Protest or support? Opposition in a fix over amended OBC bill
- The government is likely to bring the OBC amendment bill this week
- The bill seeks to restore the power of the states to draw up their own beneficiary list
- The Supreme Court had in May taken away the power from states to draw up these lists
The government's decision to introduce the amended OBC Bill, restoring powers of states and Union Territories to draw up their own OBC lists, has put the Opposition in a fix. They will now have to either halt their Pegasus protest in Parliament to debate and pass the bill or stall it and be branded 'anti-OBC'. The OBCs constitute about 41% of India's population.
Lobbing the ball into the Opposition court, Parliamentary Affairs Minister Pralhad Joshi told ET, "I appeal to the entire Opposition parties to extend their cooperation by forgetting the past differences... it involves the larger cause of OBC reservation and welfare." A Constitution Amendment Bill has to be passed by each House of Parliament by not less than two-thirds of the members of the House 'present and voting' and the House has to be in order,
So far, the monsoon session of Parliament, which started on July 19, has witnessed unruly scenes and slogan-shouting, members trooping to the well of the House and frequent adjournments. Their demand: Home Minister Amit Shah must make a statement on the alleged spying on prominent politicians and public figures. A statement by I&B minister is all that the government has offered.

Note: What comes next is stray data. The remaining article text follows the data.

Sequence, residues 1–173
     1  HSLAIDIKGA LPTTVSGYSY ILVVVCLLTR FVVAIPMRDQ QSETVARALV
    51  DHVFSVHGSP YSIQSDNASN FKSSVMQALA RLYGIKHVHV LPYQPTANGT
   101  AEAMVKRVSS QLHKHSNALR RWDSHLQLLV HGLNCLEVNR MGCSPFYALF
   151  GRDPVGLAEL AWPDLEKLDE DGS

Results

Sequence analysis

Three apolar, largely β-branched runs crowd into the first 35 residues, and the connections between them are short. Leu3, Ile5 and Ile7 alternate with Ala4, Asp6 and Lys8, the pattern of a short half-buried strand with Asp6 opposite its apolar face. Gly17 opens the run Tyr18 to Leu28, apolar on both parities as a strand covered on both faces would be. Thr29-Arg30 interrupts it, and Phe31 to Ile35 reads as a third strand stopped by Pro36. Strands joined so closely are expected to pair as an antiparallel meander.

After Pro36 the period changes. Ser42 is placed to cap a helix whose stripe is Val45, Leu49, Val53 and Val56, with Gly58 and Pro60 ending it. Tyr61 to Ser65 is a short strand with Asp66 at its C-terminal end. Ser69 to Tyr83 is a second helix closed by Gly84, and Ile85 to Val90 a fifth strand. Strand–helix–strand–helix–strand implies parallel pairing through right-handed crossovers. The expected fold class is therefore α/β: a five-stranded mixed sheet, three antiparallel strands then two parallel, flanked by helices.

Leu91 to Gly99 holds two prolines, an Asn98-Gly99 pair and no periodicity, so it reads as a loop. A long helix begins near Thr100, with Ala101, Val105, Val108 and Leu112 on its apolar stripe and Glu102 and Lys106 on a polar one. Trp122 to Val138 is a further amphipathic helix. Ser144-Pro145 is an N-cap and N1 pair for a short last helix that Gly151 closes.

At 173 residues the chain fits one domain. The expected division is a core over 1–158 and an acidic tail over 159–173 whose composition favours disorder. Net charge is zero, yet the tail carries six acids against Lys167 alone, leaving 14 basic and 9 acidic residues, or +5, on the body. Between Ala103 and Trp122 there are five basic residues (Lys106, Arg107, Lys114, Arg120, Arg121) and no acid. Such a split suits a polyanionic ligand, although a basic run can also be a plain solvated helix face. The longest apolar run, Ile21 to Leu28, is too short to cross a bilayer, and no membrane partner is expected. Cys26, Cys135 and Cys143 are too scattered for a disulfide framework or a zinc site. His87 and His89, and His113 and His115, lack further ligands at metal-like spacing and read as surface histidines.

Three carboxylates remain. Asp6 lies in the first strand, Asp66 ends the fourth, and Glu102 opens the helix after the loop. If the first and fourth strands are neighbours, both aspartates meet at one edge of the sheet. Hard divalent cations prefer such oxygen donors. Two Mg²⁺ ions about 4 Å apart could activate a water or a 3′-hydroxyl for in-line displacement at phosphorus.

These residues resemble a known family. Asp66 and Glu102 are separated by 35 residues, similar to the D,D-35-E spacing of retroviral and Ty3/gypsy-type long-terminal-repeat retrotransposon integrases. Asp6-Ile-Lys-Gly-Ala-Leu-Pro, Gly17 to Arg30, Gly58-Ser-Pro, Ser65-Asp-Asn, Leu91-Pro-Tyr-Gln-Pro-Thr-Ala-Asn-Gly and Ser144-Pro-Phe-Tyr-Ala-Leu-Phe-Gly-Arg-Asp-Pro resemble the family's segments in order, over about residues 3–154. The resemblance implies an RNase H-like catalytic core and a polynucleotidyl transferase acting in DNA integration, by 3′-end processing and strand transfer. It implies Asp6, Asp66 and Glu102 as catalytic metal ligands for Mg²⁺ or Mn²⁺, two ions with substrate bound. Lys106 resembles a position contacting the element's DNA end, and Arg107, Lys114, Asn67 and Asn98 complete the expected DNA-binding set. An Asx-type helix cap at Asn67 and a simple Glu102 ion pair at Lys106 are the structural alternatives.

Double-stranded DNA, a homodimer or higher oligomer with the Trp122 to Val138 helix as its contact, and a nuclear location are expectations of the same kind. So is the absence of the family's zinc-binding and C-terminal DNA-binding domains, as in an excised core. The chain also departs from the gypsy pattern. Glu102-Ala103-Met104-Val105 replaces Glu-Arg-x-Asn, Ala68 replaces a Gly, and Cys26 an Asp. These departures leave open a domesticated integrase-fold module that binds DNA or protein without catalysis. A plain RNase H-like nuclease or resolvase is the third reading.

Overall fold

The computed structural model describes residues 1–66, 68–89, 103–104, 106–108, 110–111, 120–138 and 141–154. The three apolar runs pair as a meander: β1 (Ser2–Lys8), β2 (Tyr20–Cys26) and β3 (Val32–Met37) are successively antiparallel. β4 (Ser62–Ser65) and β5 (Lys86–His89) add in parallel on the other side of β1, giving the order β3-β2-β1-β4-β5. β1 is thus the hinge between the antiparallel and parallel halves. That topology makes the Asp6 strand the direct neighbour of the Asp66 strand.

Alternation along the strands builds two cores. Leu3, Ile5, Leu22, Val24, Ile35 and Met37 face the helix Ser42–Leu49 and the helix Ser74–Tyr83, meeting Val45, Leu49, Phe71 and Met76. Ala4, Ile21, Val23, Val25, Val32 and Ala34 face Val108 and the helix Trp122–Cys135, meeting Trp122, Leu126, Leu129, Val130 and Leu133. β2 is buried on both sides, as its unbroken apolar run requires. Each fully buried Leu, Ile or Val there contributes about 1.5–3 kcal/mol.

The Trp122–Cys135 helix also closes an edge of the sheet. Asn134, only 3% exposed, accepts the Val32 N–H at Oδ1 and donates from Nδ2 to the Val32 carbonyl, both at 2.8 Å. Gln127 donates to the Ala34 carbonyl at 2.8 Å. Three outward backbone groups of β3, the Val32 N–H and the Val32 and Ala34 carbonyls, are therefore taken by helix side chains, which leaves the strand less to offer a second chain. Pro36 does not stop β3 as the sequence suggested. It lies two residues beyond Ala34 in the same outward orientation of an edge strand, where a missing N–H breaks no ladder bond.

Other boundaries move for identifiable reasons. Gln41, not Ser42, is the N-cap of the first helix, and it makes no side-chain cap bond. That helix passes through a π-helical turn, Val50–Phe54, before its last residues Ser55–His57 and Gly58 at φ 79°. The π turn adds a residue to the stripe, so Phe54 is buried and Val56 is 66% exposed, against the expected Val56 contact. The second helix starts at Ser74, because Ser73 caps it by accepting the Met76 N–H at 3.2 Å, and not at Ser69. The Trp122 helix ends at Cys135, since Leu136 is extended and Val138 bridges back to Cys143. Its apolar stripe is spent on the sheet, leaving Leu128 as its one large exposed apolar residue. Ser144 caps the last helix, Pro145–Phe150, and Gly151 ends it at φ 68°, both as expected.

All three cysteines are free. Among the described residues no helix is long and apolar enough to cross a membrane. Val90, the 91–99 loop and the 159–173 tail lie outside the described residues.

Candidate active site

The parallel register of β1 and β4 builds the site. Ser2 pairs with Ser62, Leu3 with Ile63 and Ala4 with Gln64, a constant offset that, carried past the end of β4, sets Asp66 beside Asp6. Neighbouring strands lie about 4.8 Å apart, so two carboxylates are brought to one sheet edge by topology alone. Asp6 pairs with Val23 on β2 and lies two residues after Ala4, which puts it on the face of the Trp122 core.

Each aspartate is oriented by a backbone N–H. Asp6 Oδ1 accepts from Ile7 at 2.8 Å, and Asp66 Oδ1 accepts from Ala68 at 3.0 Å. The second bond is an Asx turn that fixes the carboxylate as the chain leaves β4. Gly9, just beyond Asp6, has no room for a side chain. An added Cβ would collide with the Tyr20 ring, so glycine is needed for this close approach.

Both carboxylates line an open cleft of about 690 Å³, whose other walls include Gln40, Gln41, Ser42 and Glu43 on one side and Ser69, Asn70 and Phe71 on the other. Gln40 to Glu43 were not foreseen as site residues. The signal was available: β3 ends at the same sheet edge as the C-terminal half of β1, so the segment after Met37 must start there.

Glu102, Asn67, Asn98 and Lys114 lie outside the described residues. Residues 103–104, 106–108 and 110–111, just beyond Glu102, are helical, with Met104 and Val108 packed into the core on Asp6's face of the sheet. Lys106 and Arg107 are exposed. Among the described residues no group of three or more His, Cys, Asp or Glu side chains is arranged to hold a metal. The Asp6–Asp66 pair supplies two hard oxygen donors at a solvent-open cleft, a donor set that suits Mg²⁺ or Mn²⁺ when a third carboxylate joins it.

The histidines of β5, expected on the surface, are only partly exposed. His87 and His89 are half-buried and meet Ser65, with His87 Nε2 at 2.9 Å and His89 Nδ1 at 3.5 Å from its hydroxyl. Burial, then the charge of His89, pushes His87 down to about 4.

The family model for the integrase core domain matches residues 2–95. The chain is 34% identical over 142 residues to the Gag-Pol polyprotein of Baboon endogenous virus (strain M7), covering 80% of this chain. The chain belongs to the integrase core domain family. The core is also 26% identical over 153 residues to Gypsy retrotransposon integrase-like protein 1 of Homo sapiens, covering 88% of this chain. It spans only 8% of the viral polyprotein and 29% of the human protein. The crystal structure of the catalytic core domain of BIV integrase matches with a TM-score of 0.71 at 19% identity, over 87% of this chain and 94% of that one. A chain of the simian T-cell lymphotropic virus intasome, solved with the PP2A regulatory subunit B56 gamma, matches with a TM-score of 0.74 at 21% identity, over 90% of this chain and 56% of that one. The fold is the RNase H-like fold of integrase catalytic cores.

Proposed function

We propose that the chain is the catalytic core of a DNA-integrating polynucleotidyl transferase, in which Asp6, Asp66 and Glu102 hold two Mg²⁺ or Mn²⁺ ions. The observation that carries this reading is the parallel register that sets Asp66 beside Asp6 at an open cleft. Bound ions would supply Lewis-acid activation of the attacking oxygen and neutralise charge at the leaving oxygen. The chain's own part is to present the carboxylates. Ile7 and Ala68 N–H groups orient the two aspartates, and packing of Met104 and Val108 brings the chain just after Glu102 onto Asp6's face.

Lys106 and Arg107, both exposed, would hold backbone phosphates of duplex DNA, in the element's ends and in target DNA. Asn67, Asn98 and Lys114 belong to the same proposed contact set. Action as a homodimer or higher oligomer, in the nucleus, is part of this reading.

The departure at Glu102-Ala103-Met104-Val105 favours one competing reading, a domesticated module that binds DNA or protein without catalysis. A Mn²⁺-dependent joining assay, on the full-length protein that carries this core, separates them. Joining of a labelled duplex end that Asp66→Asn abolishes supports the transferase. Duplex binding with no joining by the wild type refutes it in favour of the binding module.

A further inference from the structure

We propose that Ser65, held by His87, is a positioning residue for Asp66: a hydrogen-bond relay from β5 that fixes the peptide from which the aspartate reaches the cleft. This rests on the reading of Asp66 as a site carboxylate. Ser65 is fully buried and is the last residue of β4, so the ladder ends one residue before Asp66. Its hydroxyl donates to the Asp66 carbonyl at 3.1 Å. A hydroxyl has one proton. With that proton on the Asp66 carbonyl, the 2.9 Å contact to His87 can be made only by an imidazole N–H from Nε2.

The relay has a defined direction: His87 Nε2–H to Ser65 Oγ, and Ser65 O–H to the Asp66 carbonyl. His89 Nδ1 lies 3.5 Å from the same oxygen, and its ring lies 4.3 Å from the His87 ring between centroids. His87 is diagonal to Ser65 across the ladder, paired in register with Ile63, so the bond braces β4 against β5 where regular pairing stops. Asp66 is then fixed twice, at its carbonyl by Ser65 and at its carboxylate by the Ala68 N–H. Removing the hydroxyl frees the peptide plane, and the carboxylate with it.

Joshi's statement has pushed the Opposition into a corner and are reportedly looking at pausing their protest to pass the politically-sensitive Bill. According to reports, a give-and-take may be agreed upon where a government statement in Parliament will pave the way for the smooth passage of the bill. "The Congress, in principle, supports the OBS reservation... It is the responsibility of the government to reach out to the Opposition, discuss and ensure order in the House when the Bill is taken up," Congress's Lok Sabha leader Adhir Ranjan Chowdhury told ET.
A Supreme Court order of May had taken away the power from state government's to draw up their own OBC lists, saying that a 2018 law had empowered only the Centre to draw such lists.
This had drawn strong Opposition from states and political parties, who said that each state had different caste-community combinations and a generic central list will not meet the purpose of OBC empowerment.
The government then brought an amended bill, which nullifies the Supreme Court's decision. The bill seeks to amend Clause 1 and 2 of Article 342 A of the Constitution by inserting a new clause called 342 A (3) that will authorise states to maintain their own lists. In effect, the amendment nullifies the Supreme Court order.